Since public school is partly funded with my tax payer dollars, all I can say is:

Dance with whomever the F@#$ you please!!!!

Prom is one of those 'life, liberty and pursuit of happiness' deals. Especially on the tax payer dime.

I simply do not understand school districts and regions who would rather punish the majority than permit the minority to dance with whatever partner they're crushing on. (Additional article)

Oh wait a minute... by punishing the majority you can foster hate for the minority. Yeah, now I get it. Right... let's make everyone think they can't have Prom because of the gay girl. Yeah. For sure.

Message to the establishment:

Prom night is stupid and I skipped it and went out somewhere else with friends as a 'sticking it to the man' statement about the establishment. And newsflash! in high school, with one surprise exception, I already knew who was gay and who was straight in 1976. And I didn't give a damn about who they were dancing with, making out with, or any of that. But actually, knowing that the principal of my school broke up the marriage between teachers Mr. And Mrs. B. and got Mrs. B. pregnant was kind of a way worse example of morals than knowing Dave W. liked boys. Dave W. was so very sweet and talented. And he still is.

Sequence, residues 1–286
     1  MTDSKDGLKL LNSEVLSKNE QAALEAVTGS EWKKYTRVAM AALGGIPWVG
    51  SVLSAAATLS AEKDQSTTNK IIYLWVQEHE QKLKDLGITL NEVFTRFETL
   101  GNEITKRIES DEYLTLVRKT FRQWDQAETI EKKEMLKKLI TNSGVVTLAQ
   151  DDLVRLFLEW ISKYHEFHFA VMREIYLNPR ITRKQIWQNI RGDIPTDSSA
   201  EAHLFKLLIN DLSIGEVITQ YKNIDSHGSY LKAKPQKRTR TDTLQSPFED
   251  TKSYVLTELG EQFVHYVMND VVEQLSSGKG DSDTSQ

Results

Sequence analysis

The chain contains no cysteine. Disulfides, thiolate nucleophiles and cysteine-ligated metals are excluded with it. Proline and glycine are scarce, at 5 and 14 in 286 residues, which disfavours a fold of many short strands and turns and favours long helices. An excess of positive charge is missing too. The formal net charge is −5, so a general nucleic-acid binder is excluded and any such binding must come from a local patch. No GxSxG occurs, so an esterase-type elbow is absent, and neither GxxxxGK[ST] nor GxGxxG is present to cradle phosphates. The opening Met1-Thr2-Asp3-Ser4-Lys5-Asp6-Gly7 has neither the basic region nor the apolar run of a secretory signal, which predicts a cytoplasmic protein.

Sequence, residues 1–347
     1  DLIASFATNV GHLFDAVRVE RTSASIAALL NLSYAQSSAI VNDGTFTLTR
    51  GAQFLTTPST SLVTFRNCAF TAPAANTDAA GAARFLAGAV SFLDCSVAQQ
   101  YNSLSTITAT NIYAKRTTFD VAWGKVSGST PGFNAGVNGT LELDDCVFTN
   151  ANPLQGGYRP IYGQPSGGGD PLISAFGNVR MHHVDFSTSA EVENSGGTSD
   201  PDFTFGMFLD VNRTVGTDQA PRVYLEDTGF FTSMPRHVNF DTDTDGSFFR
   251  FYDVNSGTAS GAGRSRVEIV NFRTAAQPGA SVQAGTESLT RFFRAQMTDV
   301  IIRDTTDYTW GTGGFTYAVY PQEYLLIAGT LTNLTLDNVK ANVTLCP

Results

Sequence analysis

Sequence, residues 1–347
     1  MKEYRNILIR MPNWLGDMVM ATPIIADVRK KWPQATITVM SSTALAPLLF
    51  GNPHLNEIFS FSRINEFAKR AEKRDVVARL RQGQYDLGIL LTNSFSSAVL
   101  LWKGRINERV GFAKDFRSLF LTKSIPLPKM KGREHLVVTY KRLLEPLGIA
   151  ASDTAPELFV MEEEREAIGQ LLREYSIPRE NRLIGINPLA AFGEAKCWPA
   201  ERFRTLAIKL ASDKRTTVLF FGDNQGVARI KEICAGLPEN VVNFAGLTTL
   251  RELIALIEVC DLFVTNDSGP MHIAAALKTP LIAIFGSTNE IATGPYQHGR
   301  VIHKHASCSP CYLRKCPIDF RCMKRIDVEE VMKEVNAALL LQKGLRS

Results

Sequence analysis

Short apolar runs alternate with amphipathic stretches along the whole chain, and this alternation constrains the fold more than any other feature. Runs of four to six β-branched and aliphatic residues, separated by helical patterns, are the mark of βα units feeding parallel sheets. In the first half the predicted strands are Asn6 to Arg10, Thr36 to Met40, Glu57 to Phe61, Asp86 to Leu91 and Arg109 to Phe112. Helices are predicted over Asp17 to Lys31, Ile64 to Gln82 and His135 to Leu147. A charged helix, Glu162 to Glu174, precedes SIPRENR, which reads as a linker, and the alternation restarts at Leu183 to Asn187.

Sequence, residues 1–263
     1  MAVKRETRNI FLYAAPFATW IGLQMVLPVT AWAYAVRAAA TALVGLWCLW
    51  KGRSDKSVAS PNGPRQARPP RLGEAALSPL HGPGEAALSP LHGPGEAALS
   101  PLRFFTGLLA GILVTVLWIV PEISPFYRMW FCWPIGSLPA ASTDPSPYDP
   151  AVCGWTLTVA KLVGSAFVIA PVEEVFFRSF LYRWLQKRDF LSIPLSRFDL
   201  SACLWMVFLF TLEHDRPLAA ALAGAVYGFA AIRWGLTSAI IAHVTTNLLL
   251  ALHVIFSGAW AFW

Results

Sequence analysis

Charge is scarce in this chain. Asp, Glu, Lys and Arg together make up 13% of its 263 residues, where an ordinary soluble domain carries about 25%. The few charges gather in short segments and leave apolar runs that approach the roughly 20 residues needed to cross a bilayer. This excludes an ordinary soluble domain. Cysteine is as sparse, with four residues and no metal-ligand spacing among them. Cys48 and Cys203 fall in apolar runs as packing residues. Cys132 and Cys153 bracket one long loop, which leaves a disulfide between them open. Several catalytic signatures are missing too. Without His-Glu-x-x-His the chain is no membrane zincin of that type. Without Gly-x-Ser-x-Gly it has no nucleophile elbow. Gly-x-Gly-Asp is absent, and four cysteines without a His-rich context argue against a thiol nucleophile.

Obviously, I will be joining Personal Failure in Hell. I'm so very proud. At least I know I'll be in good company, have stimulating conversation and read good books.

And Constance, if you ever read this, you're the BOMB for sticking up for what you believe in at an age when so many kids couldn't tell you what a civil right was if their life depended on it...

Wednesday, March 24, 2010

Multipurpose Palate Cleanser (PC#8)

This is Audrey.
(photo credit: New York Botanical Garden)

If Audrey were really, really big she could be a solution to the problematic reassignment of priests. Plus, she's climate friendly. She'll digest them all and produce O2! If she could also digest a few of the people I've been talking to on the phone today, it would be great.

Chipped Enamel Iron, I mean Irish, Bishop Resigns

John Magee, Bishop of Cloyne has resigned, the Vatican announced today, according to the New York Times. It's been reported that the Vatican's own investigator found that Magee was involved in the cover-ups that protected Irish priests in his diocese and failed to notify the Garda (police). Evidently, an Irish government investigator says that Magee even obstructed their investigations of two pedophiles. The BBC has a lot more interesting information about this valuable and treasured member of the Irish Catholic church.